Alternatively, albeit less frequently, the distribution company would split the GROSS receipts with the production company according to contractual agreements. Nonetheless, the proportion distribution company would retain is much higher relative to what allocated to the production company since the distribution company is recouping its expenses from the portion retained rather than first deducting such expenses and then allocating the balance based on contractual agreements with the production company.
There are some salient considerations to be cognizant of, among which are:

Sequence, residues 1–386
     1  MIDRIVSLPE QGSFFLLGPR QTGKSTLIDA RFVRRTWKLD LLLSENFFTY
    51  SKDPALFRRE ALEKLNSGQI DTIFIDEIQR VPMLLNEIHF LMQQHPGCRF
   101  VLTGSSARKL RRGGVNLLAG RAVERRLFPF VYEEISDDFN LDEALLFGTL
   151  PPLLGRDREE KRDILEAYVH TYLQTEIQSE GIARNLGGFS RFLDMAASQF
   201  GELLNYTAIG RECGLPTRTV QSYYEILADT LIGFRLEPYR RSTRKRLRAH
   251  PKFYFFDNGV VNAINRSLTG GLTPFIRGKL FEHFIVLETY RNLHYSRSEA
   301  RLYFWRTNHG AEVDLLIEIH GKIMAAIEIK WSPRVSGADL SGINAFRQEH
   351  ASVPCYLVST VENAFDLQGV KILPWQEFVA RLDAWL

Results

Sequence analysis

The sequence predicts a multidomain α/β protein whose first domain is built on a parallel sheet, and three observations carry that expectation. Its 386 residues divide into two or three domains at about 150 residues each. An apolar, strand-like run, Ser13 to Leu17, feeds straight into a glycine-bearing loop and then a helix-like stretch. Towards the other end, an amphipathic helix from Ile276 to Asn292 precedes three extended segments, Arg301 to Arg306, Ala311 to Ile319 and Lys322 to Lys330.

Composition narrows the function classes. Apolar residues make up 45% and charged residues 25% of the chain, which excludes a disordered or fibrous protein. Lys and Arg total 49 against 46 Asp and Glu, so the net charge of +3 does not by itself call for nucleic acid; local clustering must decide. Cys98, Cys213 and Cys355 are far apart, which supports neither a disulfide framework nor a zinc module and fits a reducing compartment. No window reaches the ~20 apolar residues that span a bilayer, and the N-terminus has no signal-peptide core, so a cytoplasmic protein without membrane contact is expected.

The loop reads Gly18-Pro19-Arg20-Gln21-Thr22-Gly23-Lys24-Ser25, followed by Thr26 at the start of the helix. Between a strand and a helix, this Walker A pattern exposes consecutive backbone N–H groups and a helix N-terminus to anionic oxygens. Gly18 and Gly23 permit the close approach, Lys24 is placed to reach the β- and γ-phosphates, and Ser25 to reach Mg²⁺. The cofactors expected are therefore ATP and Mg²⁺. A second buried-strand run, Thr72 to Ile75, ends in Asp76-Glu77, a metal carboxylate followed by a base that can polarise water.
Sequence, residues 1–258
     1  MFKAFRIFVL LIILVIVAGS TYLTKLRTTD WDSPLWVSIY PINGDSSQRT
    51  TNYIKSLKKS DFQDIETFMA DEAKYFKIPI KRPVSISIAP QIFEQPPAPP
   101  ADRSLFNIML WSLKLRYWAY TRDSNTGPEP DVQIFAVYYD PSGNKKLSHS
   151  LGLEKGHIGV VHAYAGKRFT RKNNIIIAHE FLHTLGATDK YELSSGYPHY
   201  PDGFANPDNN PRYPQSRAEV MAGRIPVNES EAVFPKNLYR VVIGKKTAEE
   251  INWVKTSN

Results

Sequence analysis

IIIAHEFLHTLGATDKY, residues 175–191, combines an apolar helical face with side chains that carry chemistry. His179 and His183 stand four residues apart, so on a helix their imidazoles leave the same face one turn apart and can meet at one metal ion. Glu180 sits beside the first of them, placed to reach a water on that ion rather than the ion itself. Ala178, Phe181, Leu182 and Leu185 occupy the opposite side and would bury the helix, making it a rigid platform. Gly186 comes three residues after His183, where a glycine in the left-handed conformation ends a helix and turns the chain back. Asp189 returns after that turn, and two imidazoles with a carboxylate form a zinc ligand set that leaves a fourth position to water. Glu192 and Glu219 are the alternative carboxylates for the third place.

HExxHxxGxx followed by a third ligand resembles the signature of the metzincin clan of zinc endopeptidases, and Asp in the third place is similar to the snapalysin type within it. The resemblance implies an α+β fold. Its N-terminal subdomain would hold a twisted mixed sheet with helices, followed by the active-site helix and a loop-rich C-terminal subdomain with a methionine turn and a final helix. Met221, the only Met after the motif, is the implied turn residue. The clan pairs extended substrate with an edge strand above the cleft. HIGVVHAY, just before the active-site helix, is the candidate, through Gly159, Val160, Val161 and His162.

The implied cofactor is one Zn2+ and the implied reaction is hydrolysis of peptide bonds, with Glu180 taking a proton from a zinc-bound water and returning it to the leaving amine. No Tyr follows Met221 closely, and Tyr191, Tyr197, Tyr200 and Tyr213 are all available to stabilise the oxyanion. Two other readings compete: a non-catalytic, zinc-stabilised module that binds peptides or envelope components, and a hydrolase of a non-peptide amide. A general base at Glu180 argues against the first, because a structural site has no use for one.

It could be beneficial for the parties even in the short form to define NET, GROSS, EXPENSES, FEES, etc.
Distribution Fees would vary depending upon the medium or media the picture is to be distributed. Nonetheless, the parties may negotiate and agree on a single rate for all media used by the distribution company. The distribution fee in the US is often 30% of GROSS receipts; however, the fee could be anywhere from as low as 25%-40% for US distribution.
Distribution fees for foreign theatrical distribution ranges from 15%-40% of GROSS receipts.